The Sweet Side of Fair Trade

Fair Trade white, brown, and powdered sugar is now widely available. Buy it to help protect sugar farmers and the environment.
Image: colorful gummy worms. Title: The Sweet Side of Fair Trade

Sustainability has always been an important value at Food For Thought, the gourmet organic food company Timothy Young started over ten years ago. All of his products—from strawberry preserves to corn muffin mix—include certified organic fruits and vegetables. Social justice has also been a strong part of his mission, so when he saw the opportunity to sweeten his preserves with Fair Trade Certified™ sugar, he leapt at it. FT Sugar

“Choosing Fair Trade, organic sugar was an easy decision for us,” says Young. “The fruit we use comes from local farmers with whom we have direct relationships, so we know that both people and the planet are being treated fairly. Now we can also guarantee that the sugar we use is providing a fair wage to small-scale farmers around the world.”

Young uses Fair Trade Certified sugar to make his unique preserves, and you can use it in our own kitchen. Fair Trade sugar, which made its US debut in 2005, is now widely available to consumers in grocery stores and online—giving people the opportunity to buy white, brown, and powdered sugar that benefits both people and the planet.

Conventional Sugar: Not So Sweet

About 85 percent of the sugar sold in the US is grown domestically, but much of that farming is controlled by large corporations under conditions that harm the environment.

About half of the sugarcane in the US comes from southern Florida, where the sugarcane industry has been encroaching on the Florida Everglades for nearly a century. More than a billion gallons of water are diverted away from the Everglades to the sugarcane fields every day, according to the Everglades Trust Foundation. In addition, phosphorus run-offs from the sugar industry have devastated the Everglades’ ecosystem, and the sugar lobby (called “Big Sugar” by critics) has worked aggressively to avoid responsibility for repairing the damage.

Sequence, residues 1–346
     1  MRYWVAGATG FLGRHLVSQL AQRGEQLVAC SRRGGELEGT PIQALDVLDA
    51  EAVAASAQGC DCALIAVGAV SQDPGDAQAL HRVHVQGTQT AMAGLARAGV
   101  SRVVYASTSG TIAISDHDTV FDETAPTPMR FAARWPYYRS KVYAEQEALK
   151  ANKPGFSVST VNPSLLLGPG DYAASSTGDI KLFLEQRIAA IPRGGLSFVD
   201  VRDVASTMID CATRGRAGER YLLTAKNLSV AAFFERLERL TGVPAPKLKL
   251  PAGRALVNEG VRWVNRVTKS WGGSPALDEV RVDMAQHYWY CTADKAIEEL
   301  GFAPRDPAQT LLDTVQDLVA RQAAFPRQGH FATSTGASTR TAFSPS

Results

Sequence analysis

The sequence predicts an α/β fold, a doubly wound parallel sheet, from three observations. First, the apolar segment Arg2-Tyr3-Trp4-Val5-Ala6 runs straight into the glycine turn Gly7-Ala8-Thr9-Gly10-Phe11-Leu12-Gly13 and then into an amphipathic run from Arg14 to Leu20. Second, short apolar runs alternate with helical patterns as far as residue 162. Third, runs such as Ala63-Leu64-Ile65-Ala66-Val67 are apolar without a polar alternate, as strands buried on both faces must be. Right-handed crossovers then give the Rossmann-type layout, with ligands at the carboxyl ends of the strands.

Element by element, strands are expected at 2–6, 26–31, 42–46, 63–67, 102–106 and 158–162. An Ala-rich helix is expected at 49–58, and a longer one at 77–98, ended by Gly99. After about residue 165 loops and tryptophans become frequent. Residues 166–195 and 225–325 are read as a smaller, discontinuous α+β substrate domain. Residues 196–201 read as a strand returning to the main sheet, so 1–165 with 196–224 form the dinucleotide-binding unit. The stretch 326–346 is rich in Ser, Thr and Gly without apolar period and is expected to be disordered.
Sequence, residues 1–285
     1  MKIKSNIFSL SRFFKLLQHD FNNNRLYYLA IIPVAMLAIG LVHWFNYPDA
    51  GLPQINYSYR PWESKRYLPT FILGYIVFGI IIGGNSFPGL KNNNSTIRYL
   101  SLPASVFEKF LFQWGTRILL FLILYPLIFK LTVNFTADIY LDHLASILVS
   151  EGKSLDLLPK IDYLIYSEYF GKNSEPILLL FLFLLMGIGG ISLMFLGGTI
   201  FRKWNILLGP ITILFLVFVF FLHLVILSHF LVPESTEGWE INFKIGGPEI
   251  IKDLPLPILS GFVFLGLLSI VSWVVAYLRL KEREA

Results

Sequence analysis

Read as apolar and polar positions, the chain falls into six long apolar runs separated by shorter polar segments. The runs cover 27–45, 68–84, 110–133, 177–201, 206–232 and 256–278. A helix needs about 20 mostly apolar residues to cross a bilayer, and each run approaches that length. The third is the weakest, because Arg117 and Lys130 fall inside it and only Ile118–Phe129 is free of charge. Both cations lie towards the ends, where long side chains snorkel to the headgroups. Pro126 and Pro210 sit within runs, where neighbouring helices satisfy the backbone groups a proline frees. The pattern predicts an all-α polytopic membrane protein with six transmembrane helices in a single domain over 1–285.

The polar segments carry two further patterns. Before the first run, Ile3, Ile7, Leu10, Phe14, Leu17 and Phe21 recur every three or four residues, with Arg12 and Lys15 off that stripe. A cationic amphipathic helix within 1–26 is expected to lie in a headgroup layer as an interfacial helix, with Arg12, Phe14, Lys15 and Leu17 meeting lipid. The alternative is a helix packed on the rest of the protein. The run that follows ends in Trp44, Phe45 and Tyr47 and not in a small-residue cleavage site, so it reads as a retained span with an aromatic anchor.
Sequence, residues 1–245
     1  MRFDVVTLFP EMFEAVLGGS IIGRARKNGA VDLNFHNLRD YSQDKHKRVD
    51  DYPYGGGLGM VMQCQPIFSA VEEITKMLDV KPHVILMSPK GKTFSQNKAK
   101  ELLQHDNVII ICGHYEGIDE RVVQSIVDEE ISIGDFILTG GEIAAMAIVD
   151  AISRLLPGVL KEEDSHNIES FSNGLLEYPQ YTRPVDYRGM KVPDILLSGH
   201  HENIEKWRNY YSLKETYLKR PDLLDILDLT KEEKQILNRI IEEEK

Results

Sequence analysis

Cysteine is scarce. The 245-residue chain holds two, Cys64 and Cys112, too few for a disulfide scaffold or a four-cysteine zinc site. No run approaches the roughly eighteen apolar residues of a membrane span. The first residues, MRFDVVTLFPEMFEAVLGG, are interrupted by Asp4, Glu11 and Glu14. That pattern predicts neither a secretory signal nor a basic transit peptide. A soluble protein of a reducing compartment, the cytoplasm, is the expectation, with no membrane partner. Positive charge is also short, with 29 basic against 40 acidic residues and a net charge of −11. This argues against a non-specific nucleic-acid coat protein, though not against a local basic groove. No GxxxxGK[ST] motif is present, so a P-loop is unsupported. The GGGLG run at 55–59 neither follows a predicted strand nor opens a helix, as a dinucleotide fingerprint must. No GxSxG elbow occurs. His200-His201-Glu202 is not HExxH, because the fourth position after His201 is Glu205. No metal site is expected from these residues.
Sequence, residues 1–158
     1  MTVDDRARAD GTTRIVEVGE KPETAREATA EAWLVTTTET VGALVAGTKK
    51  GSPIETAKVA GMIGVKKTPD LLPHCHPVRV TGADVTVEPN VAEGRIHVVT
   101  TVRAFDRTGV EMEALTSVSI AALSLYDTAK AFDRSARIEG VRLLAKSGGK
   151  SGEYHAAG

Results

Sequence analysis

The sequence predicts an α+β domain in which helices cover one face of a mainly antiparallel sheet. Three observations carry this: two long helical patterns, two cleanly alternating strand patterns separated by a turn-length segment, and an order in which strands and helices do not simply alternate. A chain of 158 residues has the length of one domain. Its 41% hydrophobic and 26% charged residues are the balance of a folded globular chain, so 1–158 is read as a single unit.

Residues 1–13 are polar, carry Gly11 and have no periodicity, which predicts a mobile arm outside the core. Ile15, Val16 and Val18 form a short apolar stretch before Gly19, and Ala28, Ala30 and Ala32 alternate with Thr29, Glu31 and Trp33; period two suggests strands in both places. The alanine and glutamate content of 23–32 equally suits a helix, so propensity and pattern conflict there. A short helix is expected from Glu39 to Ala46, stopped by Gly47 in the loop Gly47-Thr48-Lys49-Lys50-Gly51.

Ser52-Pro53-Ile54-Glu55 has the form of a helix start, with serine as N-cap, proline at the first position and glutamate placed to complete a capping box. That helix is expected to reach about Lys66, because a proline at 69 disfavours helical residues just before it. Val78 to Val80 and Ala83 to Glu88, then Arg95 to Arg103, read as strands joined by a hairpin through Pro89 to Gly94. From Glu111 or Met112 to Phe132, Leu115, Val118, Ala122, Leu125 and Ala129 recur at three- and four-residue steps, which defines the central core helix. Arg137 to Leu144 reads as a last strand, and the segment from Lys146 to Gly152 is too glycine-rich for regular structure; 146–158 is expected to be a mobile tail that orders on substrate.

The sugar lobby has consistently worked to postpone the deadlines for cleaning up contaminated water and has shifted the burden of paying for clean-up to tax payers, says Joe Browder, board member of the nonprofit Friends of the Everglades.

“Sugar controls the way water flows through South Florida, both environmentally and economically,” says Browder. “It is depriving the protected Everglades of water in the dry season, and dumping excess water into all the Everglades and south Florida coastal communities in the wet season. When sugar growers need to keep their land dry, they treat the rest of south Florida like a toilet. And those issues are no closer to being resolved in favor of the Everglades.”

US trade policies protect the jobs of domestic sugar farmers, but they result in sugar prices in the US that are usually about three times the price of sugar on the world market, damaging farmers around the world who cannot compete in an unfair US sugar market. High sugar costs also affect manufacturers of food products and beverages in the US, and their customers; a 2003 report by the Organization for Economic Cooperation and Development (OECD) estimates that the US sugar program costs consumers roughly $1.5 billion dollars a year.

And these protectionist policies don’t necessarily help small farmers. The OECD estimates that over 40 percent of US policy benefits go to just 1 percent of all sugar producers.